Elemental display is also a LED wall

elements

[Dan] is an element collector, someone who gets his socks knocked off by bismuth crystals and the orange vapor of bromine. Of course every element collector needs a proper display case, and since the periodic table table idea is cliché, [Dan] decided to build an elemental display that’s also a really awesome LED wall.

The build started off as most do with a few sheets of plywood and 120 acrylic shelves for each item in [Dan]‘s collection. The real magic happened when [Dan]‘s buddy [Bill] was called in to make the display a little more interesting.

Behind each acrylic shelf is a three-LED section of a LED strip, each part of the periodic table having a different color. The 120 individual shelving units are broken down into 16-shelf groups, each driven by a custom LED driver board. These driver boards are connected to a master Arduino with phone cables and make wonderful use of a very neat TCL5940 Arduino library.

The elemental display has a few options; all-on, twinkling, an Apple ‘breathing’ mode, and a graphic eq, as shown in the video after the break.

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DIY solder stencils from soda cans

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Even if you’ve overcome your fear diddling about with tiny SMD components, applying solder paste – especially if you’re populating more than one board at a time – is still a chore. The pros use very expensive laser cut stainless steel solder paste stencils, something still a bit out of reach to the casual hobbyist. [Felix] solved this problem by making his own solder paste stencils very cheaply using empty soda cans.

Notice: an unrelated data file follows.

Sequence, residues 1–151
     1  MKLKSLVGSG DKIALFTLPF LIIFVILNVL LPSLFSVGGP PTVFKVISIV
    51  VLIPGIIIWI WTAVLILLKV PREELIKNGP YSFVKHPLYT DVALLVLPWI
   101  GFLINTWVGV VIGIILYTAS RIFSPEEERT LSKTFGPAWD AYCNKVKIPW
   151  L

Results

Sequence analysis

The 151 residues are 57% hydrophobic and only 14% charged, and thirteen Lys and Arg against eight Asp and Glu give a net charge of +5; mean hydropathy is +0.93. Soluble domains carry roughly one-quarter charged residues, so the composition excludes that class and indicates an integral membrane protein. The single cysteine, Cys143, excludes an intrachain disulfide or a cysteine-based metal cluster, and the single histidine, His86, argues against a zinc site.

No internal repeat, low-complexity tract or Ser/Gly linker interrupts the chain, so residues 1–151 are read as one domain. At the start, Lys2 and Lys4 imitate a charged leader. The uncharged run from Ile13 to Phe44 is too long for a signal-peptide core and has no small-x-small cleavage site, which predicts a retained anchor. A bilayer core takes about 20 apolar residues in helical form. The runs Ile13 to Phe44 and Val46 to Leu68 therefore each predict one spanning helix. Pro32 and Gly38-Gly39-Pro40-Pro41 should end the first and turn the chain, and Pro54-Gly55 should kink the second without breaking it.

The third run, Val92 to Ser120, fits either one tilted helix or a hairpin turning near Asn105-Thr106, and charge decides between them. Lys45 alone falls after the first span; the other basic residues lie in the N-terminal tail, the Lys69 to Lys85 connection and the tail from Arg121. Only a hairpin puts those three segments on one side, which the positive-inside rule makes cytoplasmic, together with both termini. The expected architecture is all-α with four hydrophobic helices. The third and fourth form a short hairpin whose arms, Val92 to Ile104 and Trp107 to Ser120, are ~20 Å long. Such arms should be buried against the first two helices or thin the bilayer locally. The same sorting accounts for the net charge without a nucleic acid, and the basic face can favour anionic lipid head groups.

The process begins just like any other home etching tutorial by lightly sanding the un-bent aluminum can and applying the etch resist via the toner transfer method. Etching is done with off-the-shelf HCl and hydrogen peroxide, resulting in an amazingly clean stencil comparable in quality with a professional stencil.

Sure, going through a dozen-step process to make a solder paste stencil may not be as convienent as [Cnlohr]‘s toothpick and tweezers method, but [Felix]‘ method is just about up to par with extraordinarily expensive laser cut stainless steel stencils. Not bad for something that came from the recycling bin.

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